On the other end, Ruiz is blocked by another young catcher in Chavez Ravine, and would be free to play in Tampa. He’s rated as a 50 FV prospect by FanGraphs, and has tremendous contact skills. Ruiz lacks in power, but he’s considered a fairly strong defender behind the plate, and could be a long-term answer at an important position for a team that profiles to be strong for quite some time.
At this point, I’m getting into the non-Adames trades I’ve forecast for the Rays. These are similar to those, in that the Rays are trading away MLB-level players, as if they were rebuilding, but acquiring assets they can use rather quickly and efficiently.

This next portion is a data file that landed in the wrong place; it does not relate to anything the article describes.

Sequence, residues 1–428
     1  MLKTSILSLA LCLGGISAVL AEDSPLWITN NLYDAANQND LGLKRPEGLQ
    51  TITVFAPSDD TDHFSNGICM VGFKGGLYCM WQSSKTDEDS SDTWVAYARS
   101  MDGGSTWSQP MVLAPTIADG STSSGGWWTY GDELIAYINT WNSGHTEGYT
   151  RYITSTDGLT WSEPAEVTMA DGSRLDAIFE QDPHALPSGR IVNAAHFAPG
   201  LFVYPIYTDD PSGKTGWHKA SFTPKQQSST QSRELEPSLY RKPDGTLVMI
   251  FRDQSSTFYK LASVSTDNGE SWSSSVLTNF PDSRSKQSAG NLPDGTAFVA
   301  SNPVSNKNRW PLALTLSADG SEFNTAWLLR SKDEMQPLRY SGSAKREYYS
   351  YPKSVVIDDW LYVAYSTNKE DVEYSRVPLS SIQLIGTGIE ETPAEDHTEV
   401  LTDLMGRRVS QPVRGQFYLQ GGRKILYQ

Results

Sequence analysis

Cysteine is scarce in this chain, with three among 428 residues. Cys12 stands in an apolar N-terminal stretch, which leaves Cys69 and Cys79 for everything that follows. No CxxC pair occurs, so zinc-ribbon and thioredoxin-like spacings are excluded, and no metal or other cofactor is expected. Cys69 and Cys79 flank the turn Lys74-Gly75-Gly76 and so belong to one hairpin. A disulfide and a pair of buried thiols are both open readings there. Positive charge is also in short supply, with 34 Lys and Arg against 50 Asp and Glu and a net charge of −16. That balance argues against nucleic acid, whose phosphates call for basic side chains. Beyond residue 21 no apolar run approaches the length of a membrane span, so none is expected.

Nationals get: Ji-Man Choi; Rays get: Mason Denaburg
Currently, Choi represents the strong half of a platoon with Michael Brosseau, and he’s quite a good player. An extremely similar, albeit less fun, player waits in the wings for Tampa, however, in the form of Nate Lowe. Lowe could easily slot into the Rays starting lineup against righties immediately, making Choi expendable. Additionally, he’s entering arbitration now, thus the Rays will likely be trying to get rid of him within the next two years. The Nationals, though, are incredibly lacking in offense, and can afford to take on the arbitration salary of Choi. Their projected starting first baseman for 2021 is Jake Noll (I don’t know who he is either). Choi would fit nicely in the middle of the Nationals order, and an improved lineup is what they truly need to get back to the Postseason.